Data science experts have compared the time and monetary investment in training the model and have chosen the best option
Comparison (benchmark) of GPU cloud platforms and GPU dedicated servers based on NVIDIA cards.
This article represents comparative experience in training a model on different GPU platforms: Google, AWS and a domestic Dutch hosting provider HOSTKEY. Data science experts from Catalyst have compared the time and monetary investment in training the model and have chosen the best option.
Material prepared by the Catalyst team.
The opinions of the authors expressed herein may not represent those of the publisher.
High-performance GPUs are in high demand today in all areas of the IT industry, in scientific projects, in security systems and other areas. Engineers, architects and designers need powerful computers for rendering and 3D animation, for training neural networks and data analysis, real-time analytics and for other tasks involving a large amount of computation. In general, high-performance GPU servers are a very popular solution on the market.
Year over year, methods and applications for Artificial Intelligence (AI) and Machine Learning (ML) are becoming increasingly widespread in all fields. These technologies have already revolutionized the field of medical diagnostics, financial instrument development, the creation of new data processing services, as well as facilitating the implementation of numerous projects in the fields of basic science, robotics, human resource management, transport, heavy industry, urban economy, speech recognition, people and content delivery facilities. For example, NVIDIA encouraged owners of powerful GPU computers to donate their processing power to help combat the COVID-19 coronavirus pandemic.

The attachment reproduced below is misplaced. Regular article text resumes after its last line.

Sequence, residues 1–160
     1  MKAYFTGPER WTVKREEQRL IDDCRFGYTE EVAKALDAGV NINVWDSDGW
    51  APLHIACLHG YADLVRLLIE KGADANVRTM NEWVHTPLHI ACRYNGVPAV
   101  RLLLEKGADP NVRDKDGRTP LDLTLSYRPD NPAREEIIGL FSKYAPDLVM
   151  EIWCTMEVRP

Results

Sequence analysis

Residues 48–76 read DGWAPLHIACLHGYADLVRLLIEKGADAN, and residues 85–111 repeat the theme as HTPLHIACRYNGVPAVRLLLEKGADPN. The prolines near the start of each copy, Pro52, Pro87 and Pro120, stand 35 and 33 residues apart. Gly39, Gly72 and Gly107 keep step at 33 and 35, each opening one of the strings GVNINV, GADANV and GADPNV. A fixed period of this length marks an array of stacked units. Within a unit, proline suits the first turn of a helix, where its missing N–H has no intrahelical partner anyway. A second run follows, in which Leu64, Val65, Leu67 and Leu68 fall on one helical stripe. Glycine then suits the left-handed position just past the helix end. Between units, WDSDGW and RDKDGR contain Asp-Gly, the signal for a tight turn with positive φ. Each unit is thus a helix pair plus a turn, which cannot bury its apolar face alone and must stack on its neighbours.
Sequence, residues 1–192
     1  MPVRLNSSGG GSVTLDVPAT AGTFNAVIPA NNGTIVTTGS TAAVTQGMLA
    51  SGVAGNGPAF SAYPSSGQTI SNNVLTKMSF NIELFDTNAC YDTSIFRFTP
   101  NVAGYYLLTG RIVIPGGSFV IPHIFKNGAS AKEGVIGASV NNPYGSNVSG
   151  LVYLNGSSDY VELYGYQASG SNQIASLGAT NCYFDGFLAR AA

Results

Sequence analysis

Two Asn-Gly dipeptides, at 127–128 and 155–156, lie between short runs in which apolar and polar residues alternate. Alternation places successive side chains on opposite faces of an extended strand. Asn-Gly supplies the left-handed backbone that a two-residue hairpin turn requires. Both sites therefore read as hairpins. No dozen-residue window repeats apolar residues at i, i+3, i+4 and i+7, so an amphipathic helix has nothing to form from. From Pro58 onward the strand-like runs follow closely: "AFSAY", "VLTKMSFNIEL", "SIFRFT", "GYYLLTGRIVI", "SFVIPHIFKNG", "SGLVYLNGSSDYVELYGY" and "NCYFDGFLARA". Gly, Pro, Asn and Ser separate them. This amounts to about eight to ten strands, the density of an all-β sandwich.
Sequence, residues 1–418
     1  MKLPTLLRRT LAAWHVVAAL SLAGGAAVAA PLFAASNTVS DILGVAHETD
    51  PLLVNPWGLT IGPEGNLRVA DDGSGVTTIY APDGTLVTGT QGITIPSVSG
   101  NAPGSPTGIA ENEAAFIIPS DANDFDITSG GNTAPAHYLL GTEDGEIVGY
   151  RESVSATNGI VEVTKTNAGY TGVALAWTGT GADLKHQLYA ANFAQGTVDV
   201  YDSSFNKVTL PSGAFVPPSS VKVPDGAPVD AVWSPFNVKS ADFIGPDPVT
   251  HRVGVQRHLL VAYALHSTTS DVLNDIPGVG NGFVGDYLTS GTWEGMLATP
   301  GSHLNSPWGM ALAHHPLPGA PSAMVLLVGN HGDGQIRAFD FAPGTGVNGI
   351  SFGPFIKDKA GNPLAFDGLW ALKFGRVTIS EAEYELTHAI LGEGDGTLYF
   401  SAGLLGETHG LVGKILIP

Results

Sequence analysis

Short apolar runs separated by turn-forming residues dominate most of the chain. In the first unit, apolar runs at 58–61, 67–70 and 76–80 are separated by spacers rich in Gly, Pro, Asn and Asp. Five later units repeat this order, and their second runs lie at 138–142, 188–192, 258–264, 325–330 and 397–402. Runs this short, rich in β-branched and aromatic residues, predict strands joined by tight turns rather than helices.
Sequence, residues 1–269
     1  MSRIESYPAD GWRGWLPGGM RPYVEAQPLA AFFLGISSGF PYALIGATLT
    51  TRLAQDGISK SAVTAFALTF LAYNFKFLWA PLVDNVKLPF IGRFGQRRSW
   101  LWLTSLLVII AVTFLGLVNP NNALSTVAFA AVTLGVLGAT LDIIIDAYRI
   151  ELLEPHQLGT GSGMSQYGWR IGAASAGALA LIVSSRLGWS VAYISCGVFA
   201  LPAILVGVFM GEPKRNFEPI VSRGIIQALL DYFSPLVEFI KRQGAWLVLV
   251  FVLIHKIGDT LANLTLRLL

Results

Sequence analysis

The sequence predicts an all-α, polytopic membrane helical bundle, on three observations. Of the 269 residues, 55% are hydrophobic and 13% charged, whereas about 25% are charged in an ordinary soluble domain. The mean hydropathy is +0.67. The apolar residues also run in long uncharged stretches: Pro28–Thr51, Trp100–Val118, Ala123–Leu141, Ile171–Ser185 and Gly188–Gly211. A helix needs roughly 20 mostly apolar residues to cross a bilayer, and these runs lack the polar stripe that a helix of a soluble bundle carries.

GPUs as a service
As many modern machine learning tasks use graphics processors, people are increasingly faced with one overarching question: which one should I use? To answer this question, you need to understand the cost and performance indicators of the different GPUs. Currently, there are a number of providers that offer virtual, cloud (GPUaaS) and dedicated GPU servers for machine learning.
Dedicated servers are the best option when you need computing power on an ongoing basis, and when maintaining your own machine is prohibitive or simply impossible. Some providers rent out GPU servers on a monthly basis, and if you have the right workload that can keep the server busy in terms of hours and minutes, then the prices can be very attractive indeed. However, in most cases, virtual servers (VDS / VPS) with by-the-hour or minute billing or cloud services are still the preferred choice as they are usually cheaper and more flexible.
According to the latest Global Market Insights report, the global GPUaaS market will reach $7 billion by 2025. Market participants are developing GPU solutions specifically for Deep Learning (DL) and AI. For example, the NVIDIA Deep Learning SDK provides high-performance GPU acceleration for Deep Learning algorithms and is designed to create off-the-shelf DL frameworks.
GPUaaS companies focus on technological innovation, strategic acquisitions and mergers to strengthen their market position and to stake out market share. Key players in the GPUaaS market include AMD, Autodesk, Amazon Web Services (AWS), Cogeco Communications, Dassault Systems, IBM, Intel, Microsoft, Nimbix, NVIDIA, Penguin Computing, Qualcomm, Siemens, HTC. For Machine Learning, the most popular GPUs are AWS, Google Cloud Engine, IBM Cloud, and Microsoft Azure.